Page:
Ella Sinclair, a 12-year-old from the Sunshine Coast living with cystic fibrosis, has met her hero Taylor Swift with the help of Cystic Fibrosis Queensland.
At Swift’s personal request, Ella and her mother Rosalie flew down to Adelaide on Monday afternoon to meet privately with Taylor before her show at the Adelaide Entertainment Centre.
It was the culmination of a concerted campaign to help Ella meet her hero — a campaign that’s indicative of the backstage maneuvering that goes into seemingly effortless photo opportunities.
“There are thousands of people trying to meet Taylor, each with their own story,” says Richard Smith, marketing manager at Cystic Fibrosis Queensland. “On paper, Ella is another cute kid with an almost impossible dream. We had good social media support but it still felt like pie-in-the-sky.”
Like the majority of those living with cystic fibrosis, Ella endures a daily routine of intense physiotherapy to keep her lungs clear, takes upwards of 40 tablets to help digest her food and fight potential infection, and eats a highly specific, regulated diet to assist her body to retain the nutrients it needs.
As Swift’s Brisbane concert date loomed near, the campaign for Ella started in earnest with an article in the Sunshine Coast Daily. Radio station 4BC then picked up the potential feel-good story and ran with it, with no guarantee that it would have a happy ending.
The Daily Mail, Network 7 News and Channel 9 soon joined the campaign.
“At this point, we knew we had enough media coverage to get the attention of Taylor’s people,” 4BC producer Lizzie Wilson explains.
“We sent them a package of information with all the press and public interest in Ella we had generated with details on how they could get in contact with us.”
Of course, it wasn’t that easy.
“Despite the fact that we were getting more and more interest from the media every day, we’d still heard nothing from Taylor’s people themselves,” Richard says.
The team redoubled their efforts, with Richard appearing on Ben Davis’ 4BC radio show to promote the campaign one more time.
“It was worth a shot,” says Ben. “We knew she’d landed in Brisbane and we’d heard a rumour she was visiting the coast, right near where Ella lives. Maybe someone in her camp or close to her would hear it.”
Following the interview, Richard received a text from Ella (via her mum).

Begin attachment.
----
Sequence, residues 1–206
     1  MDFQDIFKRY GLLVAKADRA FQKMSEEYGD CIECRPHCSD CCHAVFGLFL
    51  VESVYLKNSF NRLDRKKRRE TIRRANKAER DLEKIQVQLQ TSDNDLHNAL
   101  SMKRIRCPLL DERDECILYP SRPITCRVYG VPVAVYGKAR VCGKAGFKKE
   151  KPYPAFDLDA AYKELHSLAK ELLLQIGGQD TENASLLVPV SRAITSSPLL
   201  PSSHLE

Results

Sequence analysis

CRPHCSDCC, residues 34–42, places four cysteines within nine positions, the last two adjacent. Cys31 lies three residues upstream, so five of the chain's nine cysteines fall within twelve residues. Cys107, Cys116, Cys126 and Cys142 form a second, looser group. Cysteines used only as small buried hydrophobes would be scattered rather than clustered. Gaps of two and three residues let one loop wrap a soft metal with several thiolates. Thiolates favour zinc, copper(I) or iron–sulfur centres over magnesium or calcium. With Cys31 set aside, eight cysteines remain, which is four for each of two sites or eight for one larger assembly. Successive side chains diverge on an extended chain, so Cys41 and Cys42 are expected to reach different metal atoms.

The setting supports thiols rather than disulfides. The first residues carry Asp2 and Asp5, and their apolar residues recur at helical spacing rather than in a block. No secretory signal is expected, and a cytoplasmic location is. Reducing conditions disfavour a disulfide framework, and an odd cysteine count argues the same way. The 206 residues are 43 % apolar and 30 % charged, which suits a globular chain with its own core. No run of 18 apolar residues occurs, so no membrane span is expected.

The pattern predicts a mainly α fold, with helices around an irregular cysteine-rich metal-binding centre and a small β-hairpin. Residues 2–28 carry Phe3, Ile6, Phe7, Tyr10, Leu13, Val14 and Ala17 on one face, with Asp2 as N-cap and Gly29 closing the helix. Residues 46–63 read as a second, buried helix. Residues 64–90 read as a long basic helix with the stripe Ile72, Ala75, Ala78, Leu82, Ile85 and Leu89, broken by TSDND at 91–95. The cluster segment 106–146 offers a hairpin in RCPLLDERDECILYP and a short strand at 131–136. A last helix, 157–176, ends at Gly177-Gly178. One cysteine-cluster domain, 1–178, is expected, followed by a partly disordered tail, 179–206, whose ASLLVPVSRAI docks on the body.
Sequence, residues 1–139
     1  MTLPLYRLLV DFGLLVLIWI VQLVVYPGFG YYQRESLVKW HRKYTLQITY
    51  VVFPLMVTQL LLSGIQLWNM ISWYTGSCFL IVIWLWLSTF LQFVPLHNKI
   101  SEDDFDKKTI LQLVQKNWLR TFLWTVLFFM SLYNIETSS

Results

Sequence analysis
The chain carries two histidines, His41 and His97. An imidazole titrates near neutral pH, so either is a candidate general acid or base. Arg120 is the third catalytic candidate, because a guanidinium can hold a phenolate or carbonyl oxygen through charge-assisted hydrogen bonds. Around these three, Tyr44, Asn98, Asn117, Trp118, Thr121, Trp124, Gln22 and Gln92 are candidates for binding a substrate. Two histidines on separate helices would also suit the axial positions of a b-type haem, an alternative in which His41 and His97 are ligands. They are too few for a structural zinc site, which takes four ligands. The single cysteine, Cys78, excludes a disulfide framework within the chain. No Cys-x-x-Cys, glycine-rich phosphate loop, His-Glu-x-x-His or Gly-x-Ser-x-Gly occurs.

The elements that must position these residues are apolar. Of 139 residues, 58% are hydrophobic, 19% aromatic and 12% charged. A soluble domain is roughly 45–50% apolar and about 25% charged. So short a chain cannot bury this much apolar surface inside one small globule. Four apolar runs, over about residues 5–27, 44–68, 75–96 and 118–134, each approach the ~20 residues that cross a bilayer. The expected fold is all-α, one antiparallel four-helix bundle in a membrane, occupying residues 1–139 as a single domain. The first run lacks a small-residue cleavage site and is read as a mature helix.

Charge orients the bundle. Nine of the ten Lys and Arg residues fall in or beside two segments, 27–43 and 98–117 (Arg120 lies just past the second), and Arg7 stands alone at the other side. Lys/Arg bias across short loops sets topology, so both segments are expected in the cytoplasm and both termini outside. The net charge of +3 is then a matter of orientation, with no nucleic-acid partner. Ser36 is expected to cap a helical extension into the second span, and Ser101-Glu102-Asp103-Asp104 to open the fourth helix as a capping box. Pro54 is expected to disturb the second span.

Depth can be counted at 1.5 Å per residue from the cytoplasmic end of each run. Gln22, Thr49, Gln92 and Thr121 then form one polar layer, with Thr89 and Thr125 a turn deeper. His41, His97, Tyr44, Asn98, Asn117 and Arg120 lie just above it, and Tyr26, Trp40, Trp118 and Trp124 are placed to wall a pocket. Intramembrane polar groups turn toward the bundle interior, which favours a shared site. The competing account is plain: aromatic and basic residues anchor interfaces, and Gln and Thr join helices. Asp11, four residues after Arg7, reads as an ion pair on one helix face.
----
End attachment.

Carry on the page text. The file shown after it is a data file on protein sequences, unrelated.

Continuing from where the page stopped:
“Please don’t worry about me getting upset if I don’t meet Taylor,” it read. “I’m still seeing my idol in concert tomorrow. I’m so happy.”
Richard showed Lizzie the text, which just made her more determined to reach out to Swift’s camp again.
“I just knew that I couldn’t give up on this little girl,” she says.
Saturday evening arrived, and Ella (and her mother, Rosalie) travelled down to Brisbane to see Swift perform.
“She had a wonderful time,” says Rosalie. “She was just so excited to see Taylor’s concert. It had been an amazing week for Ella, this was just the icing on the cake. She wasn’t disappointed not meeting Taylor.”
At least one person was disappointed — Richard, who was hoping to deliver a positive result for Ella (and positive publicity for Cystic Fibrosis Queensland).
“We’d put so much hard work in,” he says, “and we knew it was a long shot, but we still hoped something might happen. I sent Lizzie a text message late Saturday night thanking her and her team for all they had done.”
Lizzie texted back: “It isn’t over.”
Early Sunday morning, hours after the concert in Brisbane, a telephone call came from Taylor Swift’s team in America.
The good news? Swift would love to meet Ella. The bad news? She’d have to get to Adelaide, the next stop on Swift’s itinerary.
“There’d been a complication and they’d missed getting Ella to Taylor for the concert on Saturday night in Brisbane,” Lizzie explains.
Swift’s management team were concerned about asking Ella to fly to Adelaide.
“I said we will get her there,” Lizzie says. “It took one extra day and one extra city, but Ella was going to meet Taylor.”
Ella, despite living with cystic fibrosis — a life-shortening genetic condition which typically affects the lungs, pancreas and small intestines — screamed with joy when she heard the news.
“This was my absolute dream come true,” Ella says. “Singing Taylor Swift songs every day has helped strengthen my lungs, which has kept me healthy. I love her so much, she’s such an inspiration.
“She was so awesome and kind when I met her and seemed like such a lovely person. She thanked me for coming to see her and then told me I was an inspiration.
“I told her, you are an inspiration to me.”
Cath Parker, CEO of Cystic Fibrosis Queensland, says Ella’s successful campaign has made more people aware of the disease.
“We couldn’t be happier that Ella has had this amazing experience,” Cath says, “and we are so grateful for all the hard work everyone has put in. It’s been a phenomenal team effort.
“Ella is such a wonderful kid, and her determination and the determination of those around her has helped to raise so much awareness about cystic fibrosis.
“Ella is an absolute star, a delight to be around and immensely talented We recognised this, and we’re pleased to say so has Taylor Swift.”
Cystic Fibrosis Queensland is currently running an awareness and fundraising campaign. For more information or to make a donation, visit www.cfqhero.com.